Athletics: Olympic teamwork fires Lewis-Francis in quest to achieve individual glory

Britain's speedster talks to Mike Rowbottom about his renewed ambition after beating the Americans in Athens

The image of Mark Lewis-Francis's bounding, whooping celebration after seeing Britain home to their unexpected Olympic sprint relay gold last summer will endure in the mind as long as that of Kelly Holmes' startled expression - half joy, half fear - in securing the first of her two gold medals in Athens.

The image of Mark Lewis-Francis's bounding, whooping celebration after seeing Britain home to their unexpected Olympic sprint relay gold last summer will endure in the mind as long as that of Kelly Holmes' startled expression - half joy, half fear - in securing the first of her two gold medals in Athens.

But while Holmes deliberates on the end game of a career that reached a glorious culmination in Greece, Lewis-Francis, still only 22, faces a very different challenge.

"It was a nice feeling to cross the line ahead of the Americans," he said. "It was something I can't explain. But it made me sit down and think about where my athletics is going. Winning the relay was a dream come true. But it wasn't enough. My job's not done yet."

Four years earlier, the only problem Lewis-Francis had to contend with was whether to go to the Sydney Olympics or seek a world junior 100 metres title. He chose the latter course, and succeeded. Since then, however, a series of misfortunes and ill-timed injuries have slowed down his meteoric progression, and he had to take his share of the criticism meted out in Athens by former athletes such as Colin Jackson and Michael Johnson when no British male sprinter reached either the 100 or 200m final.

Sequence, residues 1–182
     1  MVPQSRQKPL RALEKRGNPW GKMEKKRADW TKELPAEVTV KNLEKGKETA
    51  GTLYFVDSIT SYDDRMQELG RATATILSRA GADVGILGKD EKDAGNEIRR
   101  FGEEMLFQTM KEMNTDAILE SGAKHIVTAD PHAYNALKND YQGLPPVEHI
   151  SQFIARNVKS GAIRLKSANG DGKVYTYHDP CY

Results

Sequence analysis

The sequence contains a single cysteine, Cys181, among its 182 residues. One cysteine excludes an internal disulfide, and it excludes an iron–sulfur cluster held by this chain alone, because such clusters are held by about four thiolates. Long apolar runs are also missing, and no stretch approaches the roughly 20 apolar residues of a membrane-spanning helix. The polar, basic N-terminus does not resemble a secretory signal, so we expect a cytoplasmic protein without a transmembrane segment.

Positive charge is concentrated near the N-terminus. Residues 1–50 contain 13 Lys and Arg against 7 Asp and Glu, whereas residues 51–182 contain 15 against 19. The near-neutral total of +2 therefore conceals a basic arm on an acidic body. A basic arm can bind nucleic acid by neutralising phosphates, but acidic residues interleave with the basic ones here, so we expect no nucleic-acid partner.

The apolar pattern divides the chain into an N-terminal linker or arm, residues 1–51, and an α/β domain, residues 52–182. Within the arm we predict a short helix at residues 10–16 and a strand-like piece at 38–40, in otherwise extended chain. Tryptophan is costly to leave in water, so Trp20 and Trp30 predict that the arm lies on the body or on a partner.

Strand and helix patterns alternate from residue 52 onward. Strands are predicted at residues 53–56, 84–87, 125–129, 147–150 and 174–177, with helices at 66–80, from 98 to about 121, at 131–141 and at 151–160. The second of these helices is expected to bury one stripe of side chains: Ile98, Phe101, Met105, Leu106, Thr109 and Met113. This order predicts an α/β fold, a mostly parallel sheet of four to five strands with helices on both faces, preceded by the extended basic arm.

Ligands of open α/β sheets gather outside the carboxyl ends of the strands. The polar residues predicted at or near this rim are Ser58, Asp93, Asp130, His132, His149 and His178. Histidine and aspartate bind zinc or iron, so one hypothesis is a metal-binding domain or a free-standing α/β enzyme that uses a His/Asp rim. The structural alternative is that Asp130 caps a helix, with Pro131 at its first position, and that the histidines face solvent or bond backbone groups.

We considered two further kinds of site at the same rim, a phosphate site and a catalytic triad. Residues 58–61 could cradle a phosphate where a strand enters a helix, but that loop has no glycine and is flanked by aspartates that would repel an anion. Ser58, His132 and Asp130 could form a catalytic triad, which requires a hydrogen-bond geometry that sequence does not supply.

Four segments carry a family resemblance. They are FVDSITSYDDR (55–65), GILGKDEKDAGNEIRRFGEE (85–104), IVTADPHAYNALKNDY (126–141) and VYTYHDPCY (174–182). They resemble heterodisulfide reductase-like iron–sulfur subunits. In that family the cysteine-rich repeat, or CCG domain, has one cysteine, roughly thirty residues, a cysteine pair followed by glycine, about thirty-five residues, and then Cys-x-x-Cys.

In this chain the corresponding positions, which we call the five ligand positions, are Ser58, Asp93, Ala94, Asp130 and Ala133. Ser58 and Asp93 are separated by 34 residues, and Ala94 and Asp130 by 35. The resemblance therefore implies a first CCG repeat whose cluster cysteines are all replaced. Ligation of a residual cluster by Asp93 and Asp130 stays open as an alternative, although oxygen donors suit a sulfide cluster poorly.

He maintains that it was the disappointment at individual underperformances which provided the motivation for the relay triumph, rather than the harsh comments. But he admitted that his celebrations contained a fair measure of jubilation at the expense of those who had written off the possibility of victory.

"At the end, I was yelling to all you press guys: 'See, we did it!' I don't really care about criticism, but it was nice to prove someone wrong."

No sooner had he returned in triumph from Athens, however, than comments began to fly around the sport that it was time for him to ditch the coach who had guided him since the age of 12, Steve Platt, and seek alternative guidance.

"I needed to make a few decisions," he said. "I had to sit down and look at my angles." Among the options open to him was a move to London to join the training group run with considerable success by Tony Lester and including his fellow Olympic gold medallist Marlon Devonish.

Lewis-Francis, who was raised by his mother on the outskirts of Birmingham, decided to make one of his regular visits to see his father, Sean, who runs guest houses in the Jamaican beach resort of Ocho Rios.

"I went over for a couple of weeks," he said, "and we sat down together and talked about who would be the best coach for me.

"When I was over there, all the Jamaican press were phoning Dad's house every day. It was crazy. It's something special to get the same kind of attention over there as I do here.